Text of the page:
Monday, October 23, 2006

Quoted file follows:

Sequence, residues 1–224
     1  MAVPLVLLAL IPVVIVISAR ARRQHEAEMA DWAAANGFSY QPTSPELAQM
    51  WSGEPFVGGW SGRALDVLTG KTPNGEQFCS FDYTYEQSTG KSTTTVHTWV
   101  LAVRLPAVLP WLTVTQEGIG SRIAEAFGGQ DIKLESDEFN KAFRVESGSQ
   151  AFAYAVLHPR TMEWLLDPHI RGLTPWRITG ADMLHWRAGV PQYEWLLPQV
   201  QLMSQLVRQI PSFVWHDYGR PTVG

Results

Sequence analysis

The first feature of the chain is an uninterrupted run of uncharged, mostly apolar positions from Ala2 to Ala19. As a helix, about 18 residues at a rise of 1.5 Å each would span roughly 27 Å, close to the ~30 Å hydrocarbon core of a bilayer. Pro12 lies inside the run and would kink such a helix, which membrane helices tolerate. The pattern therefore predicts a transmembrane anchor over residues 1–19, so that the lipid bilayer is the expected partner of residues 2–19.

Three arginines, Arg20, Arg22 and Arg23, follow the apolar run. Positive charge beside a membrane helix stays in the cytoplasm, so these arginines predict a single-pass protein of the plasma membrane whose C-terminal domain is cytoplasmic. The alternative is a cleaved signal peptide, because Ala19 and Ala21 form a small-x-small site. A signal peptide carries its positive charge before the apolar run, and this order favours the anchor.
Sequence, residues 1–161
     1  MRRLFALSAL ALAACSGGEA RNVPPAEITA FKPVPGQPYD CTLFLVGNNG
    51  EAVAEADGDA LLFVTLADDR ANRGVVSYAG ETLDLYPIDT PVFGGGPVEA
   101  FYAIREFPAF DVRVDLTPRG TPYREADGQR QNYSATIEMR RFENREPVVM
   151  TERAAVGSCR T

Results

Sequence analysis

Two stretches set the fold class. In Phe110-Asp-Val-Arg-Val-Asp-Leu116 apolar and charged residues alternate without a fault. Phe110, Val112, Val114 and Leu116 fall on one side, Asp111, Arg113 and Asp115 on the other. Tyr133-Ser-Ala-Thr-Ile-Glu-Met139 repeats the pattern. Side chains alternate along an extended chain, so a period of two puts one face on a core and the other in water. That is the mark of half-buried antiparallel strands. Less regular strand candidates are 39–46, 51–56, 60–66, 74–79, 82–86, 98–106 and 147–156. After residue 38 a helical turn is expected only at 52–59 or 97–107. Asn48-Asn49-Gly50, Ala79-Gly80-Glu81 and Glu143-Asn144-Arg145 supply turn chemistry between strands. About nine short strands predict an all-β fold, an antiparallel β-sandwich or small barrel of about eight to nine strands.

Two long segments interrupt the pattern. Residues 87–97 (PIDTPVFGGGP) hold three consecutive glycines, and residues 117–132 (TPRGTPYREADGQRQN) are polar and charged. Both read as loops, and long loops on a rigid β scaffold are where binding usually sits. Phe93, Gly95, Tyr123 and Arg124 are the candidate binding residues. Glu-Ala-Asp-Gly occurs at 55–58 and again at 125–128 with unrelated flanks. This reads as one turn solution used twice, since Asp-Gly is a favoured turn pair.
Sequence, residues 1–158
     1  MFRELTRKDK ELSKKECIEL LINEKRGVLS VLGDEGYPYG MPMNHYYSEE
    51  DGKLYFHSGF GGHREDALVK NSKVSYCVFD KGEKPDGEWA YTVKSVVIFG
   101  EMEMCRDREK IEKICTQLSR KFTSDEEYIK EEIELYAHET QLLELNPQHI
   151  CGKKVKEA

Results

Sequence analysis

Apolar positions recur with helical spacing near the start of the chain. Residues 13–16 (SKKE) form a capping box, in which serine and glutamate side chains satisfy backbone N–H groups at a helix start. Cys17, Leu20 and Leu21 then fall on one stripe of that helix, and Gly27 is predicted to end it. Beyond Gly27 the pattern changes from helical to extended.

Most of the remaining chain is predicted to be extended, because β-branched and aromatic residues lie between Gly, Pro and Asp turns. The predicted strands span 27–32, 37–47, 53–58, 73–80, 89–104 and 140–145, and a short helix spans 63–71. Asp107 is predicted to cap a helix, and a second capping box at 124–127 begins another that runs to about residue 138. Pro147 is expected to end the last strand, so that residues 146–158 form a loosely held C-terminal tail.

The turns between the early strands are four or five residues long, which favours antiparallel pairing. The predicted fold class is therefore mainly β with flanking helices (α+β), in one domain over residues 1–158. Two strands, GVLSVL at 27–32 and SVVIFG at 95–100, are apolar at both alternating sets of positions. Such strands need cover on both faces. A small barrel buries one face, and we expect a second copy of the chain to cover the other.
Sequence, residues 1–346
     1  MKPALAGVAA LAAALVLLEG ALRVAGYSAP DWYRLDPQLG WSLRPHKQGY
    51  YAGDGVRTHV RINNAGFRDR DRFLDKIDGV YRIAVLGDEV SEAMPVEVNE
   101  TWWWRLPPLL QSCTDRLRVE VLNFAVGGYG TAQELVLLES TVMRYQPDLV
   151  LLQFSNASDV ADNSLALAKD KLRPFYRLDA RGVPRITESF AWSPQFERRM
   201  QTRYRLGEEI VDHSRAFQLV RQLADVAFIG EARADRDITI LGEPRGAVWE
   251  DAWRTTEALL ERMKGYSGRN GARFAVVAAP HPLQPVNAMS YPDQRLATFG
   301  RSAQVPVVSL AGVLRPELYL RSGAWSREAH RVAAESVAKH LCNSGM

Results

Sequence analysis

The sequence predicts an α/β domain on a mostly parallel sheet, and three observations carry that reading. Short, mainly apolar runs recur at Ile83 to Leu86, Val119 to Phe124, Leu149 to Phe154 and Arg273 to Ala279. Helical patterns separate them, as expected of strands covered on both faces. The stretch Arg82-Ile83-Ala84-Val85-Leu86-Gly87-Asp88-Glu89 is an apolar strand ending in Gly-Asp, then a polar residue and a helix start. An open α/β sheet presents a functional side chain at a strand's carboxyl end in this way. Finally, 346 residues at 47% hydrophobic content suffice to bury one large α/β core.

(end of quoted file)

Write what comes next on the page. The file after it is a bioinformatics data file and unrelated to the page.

Monster movie fan that I am, I had never heard of this Japanese import until I saw it on Turner Classic Movies' schedule last month. I figured, what the hell, and watched it expecting at best a sublimely bad movie, but instead it turned out to be a creepy and fairly compelling film, though in essence, it's just a long Twilight Zone episode. The film is set on a passenger jet where the mixed bag of travelers (psychiatrist, politician, arms dealer, space scientist, etc) are discussing the sad state of the world--wars, assassination, suicide terrorists--while the plane is flying through an increasingly apocalyptic-looking blood-red sky, and birds begin suicidally smashing themselves against the plane windows. Suddenly, even more hell breaks loose: just as the pilot gets a message that a bomb may be hidden on board, a man with a gun (Hideo Ko) storms the cabin, and a UFO zooms over the plane, sending it crashing to the ground. And all this happens before the credits! The survivors are left with little food or water, not knowing where they are. The gunman escapes, finds the glowing UFO, and in a trance, walks into it, to be confronted by a pulsing silver-blue blob. In one of the coolest effects ever, the man's face splits in two and the blob slithers in, taking control of him. Eventually, others get taken over in an old-fashioned vampirish fashion, tensions mount in the plane as the civilized surface of the passengers is worn down, and a creepy apocalyptic scene provides a satisfying ending. There is a strong anti-war theme running throughout the film, with newsreel footage of Hiroshima and Vietnam spliced in here and there during heated discussions. A young blond American woman takes pity on the split-faced guy because his face reminds her of the fatal wounds of her soldier-husband, who died in Vietnam. The politician gets on everyone's bad side, especially when it is revealed that the arms dealer has pimped his wife to him. According to Robert Osborne, this film inspired a scene in Quentin Tarentino's KILL BILL. Overall, a nice surprise, well worth searching out. It's on a Region 2 DVD, which may bode well for an American release someday. [TCM]

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